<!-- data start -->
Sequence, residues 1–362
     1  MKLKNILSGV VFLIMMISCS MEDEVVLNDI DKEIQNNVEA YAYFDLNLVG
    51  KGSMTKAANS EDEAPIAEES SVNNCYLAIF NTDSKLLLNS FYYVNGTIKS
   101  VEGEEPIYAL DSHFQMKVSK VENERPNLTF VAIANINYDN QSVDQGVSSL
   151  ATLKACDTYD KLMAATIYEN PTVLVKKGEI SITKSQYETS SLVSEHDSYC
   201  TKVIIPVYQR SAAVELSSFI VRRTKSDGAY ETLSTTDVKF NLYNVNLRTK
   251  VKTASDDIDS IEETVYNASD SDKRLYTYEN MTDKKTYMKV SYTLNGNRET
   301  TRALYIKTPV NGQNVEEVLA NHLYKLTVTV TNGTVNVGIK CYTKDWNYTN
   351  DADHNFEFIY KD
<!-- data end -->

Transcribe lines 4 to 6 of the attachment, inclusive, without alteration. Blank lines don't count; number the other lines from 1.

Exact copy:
   101  VEGEEPIYAL DSHFQMKVSK VENERPNLTF VAIANINYDN QSVDQGVSSL
   151  ATLKACDTYD KLMAATIYEN PTVLVKKGEI SITKSQYETS SLVSEHDSYC
   201  TKVIIPVYQR SAAVELSSFI VRRTKSDGAY ETLSTTDVKF NLYNVNLRTK